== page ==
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China Test Drives 2019: VW Lavida

VW Lavida in Lijiang, Yunnan.

After test driving the Wuling Hongguang, #1 in China from 2013 to 2017, the logical next step is to get a feel of 2018’s overall leader the VW Lavida. I was able to do exactly that in Lijiang in the Yunnan province earlier this year. Originally launched in 2008 and having quickly become Volkswagen’s best-seller in China with over 3 million units delivered in this country alone, a 2nd generation appeared in 2012 and a 3rd one in H1 2018 which is the one we will be test driving. Spoiler alert: it’s a disappointment as big as it is unexpected.

The VW Lavida from all angles.

The Lavida I tried is priced at 127.900 yuan, that’s 16.500€ or US$18.600. Seems dirt cheap for a compact sedan, but in China this pricing is almost premium. And the bad news is: for that price you’re not getting anything premium indeed. Let’s get one big positive out of the way: the exterior design. If the first two generations were bland to the extreme, this one is a little more spicy, especially the front which for once doesn’t look like any other Volkswagen nameplate on sale in China, making confusion when carspotting impossible. It’s a feat rare enough to be noticed for the German manufacturer in this market. Also, there is lots of space at the back and the boot is absolutely huge. But it’s inside that things take a turn for the worse…

All is good in the best of worlds? Not quite.

Now don’t get me wrong: inside and in a typically German way, everything is at the right place and nothing stands out as bizarre or out of whack. All seems fine in the best of worlds until you remember this is a 2018 vehicle, not 2008. Frankly the cockpit of the 3rd generation Lavida could well have been conceived for the 1st generation a decade ago and left alone since, with the exception of a few details. Tachos are analog, electric seats are a long-gone dream, the gearbox is stuck in the eighties and the touch screen isn’t actually one…

Untouched screen.

…it’s just a small screen that you can’t control by touching it, an untouched screen if you like. But wait, it gets worse… While the screen seems content to just show us radio options (1st image above), when pushing it to the extreme and activating the GPS, a 1985 map comes up and doesn’t even extend to the entire width of the screen (2nd image). Finally, the cherry on top: when parking back the car at the dealership, no help from the rear camera view simply because there isn’t one… Astounding. As a reminder the Wuling Hongguang we just tested had one and costs less than half the Lavida’s price. Yessir. A meagre consolation prize: the parking brake is electric.

The egg shell tone of the lower dash and door sides can’t take the eyes off the omnipresent hard plastics.

But perhaps most disappointingly of all, the materials inside are a mismatch of try-hard posh and full-on low-cost. The door sides and lower dashboard are made of smooth, eggshell-coloured soft plastics that don’t look too bad but seem easily prone to scratches. In this upside-down world, Volkswagen has kept its best materials to the less-visible locations and the top of the dash is made of hard and shiny plastics I haven’t seen since Lifan (image 3 above). How un-Volkswagen and very previous-gen Dacia.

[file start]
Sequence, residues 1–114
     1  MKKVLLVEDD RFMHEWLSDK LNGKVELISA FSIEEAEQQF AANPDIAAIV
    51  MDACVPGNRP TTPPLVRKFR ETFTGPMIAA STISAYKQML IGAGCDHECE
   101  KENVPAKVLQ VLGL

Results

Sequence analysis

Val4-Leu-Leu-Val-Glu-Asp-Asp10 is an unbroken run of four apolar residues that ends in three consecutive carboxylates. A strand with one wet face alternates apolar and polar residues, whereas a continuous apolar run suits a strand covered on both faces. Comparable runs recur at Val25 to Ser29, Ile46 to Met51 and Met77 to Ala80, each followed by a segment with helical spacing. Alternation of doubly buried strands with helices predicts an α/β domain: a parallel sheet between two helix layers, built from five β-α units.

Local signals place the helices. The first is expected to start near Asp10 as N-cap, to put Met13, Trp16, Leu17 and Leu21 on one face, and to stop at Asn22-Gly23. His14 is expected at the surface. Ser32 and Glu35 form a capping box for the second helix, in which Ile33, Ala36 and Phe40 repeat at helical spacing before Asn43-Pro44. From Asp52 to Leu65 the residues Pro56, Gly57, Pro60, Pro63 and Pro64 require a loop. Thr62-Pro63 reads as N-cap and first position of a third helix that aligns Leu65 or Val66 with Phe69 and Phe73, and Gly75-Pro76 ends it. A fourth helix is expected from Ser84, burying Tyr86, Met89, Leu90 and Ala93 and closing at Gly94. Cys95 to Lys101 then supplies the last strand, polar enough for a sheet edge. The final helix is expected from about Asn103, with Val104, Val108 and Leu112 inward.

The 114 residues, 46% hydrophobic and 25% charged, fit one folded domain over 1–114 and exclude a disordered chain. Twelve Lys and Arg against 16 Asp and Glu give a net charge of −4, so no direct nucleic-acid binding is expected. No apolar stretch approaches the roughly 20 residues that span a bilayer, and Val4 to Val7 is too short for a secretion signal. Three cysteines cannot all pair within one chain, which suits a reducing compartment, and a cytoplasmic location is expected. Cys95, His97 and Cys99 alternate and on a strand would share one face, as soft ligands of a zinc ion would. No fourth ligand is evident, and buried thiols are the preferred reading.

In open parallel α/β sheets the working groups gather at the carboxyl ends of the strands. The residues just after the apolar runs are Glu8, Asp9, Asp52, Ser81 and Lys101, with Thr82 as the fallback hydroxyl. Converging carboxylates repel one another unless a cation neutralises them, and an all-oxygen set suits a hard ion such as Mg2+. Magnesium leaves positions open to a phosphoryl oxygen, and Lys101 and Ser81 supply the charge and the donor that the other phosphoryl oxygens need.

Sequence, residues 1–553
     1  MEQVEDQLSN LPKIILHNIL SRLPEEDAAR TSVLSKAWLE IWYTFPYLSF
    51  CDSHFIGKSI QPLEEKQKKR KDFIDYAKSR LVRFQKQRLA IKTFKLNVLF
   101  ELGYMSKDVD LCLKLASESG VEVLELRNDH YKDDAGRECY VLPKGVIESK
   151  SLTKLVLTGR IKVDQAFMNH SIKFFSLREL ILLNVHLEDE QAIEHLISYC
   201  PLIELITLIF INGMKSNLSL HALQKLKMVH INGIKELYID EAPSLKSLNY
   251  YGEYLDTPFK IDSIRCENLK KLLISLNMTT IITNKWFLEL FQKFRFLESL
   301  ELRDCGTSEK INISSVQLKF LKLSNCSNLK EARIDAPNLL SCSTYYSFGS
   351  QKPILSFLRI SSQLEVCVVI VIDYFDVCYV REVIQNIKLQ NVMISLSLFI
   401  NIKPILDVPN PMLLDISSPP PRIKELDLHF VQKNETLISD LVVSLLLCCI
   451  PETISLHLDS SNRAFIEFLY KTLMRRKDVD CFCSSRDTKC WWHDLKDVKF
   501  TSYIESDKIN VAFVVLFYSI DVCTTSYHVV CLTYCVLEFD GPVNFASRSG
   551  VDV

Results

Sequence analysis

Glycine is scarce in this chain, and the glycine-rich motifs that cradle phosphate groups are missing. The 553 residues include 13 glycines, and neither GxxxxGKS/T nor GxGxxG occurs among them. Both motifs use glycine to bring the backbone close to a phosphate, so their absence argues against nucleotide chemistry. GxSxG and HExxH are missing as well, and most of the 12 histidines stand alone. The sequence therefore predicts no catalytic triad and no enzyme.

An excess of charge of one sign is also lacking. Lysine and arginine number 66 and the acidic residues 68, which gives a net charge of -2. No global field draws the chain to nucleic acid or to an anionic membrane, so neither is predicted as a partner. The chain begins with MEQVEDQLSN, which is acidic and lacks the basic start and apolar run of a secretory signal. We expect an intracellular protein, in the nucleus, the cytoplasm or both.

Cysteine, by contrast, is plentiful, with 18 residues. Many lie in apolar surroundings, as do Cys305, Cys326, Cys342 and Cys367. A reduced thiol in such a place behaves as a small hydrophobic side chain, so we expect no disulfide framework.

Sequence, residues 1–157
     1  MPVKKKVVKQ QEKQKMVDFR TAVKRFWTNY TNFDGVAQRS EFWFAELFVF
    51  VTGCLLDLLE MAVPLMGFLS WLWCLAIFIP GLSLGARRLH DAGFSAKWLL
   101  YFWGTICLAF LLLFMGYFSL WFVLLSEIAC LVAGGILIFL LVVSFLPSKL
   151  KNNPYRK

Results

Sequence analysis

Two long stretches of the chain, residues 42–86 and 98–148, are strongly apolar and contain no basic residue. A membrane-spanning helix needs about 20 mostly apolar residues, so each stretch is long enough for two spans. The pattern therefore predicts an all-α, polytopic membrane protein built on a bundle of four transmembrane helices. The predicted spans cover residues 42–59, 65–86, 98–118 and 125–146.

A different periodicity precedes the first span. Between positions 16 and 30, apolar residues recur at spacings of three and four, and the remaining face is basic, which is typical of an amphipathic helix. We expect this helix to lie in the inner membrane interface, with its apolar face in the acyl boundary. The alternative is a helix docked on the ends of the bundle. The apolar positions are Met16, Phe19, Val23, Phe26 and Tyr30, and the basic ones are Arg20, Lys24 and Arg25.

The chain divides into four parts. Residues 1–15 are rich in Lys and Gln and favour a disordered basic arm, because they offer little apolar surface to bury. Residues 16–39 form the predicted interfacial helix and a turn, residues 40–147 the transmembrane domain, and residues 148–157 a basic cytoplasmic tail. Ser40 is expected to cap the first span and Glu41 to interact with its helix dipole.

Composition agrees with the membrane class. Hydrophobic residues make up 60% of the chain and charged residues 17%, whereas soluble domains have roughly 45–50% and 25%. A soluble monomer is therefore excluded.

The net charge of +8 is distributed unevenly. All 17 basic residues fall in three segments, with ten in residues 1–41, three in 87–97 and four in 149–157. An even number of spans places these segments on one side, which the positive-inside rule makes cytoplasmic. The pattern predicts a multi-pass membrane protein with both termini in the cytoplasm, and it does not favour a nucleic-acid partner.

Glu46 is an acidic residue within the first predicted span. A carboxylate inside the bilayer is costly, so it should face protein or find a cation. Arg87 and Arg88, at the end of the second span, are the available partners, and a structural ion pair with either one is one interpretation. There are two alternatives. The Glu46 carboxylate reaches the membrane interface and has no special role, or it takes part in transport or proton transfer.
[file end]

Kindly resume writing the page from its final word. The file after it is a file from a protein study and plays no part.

VW Lavida interior.

You have guessed it, the VW Lavida isn’t the most dynamic of vehicles: the first gear is very long, meaning the car will scream its lungs off if you want to start fast at a green light, denoting all the drawbacks of a badly staged auto gearbox. On the positive side, my abrupt left and right turns were handled perfectly as well as emergency braking, the most effective of all Chinese cars driven this year. All-in-all though, the Hyundai Celesta I rented, priced 40% cheaper than the Lavida, is better equipped which is the real surprise here. The tremendous success of the VW Lavida in China simply demonstrates the power of the brand because clearly, the Chinese are getting ripped off purchasing this car, even though they are killers for a bargain. The (sad?) reality is that for now, Volkswagen can totally afford to be very lazy with its latest Lavida and not bear the consequences of such a lack of equipment, performance and quality.

Why is it so successful? Because of the VW brand.

This Post Has 3 Comments
    1. Thanks Rick – Glad you enjoyed. And yes absolutely, notably Toyota with the new Corolla and Nissan with the next Sylphy.

      1. Eventhough the Japanese brands are very popular in China, it is my sense VW benefits greatly from its omni present dealernetwork. But you’re right – it will be interesting to see what the new Corolla and Sylphy are able to achive.

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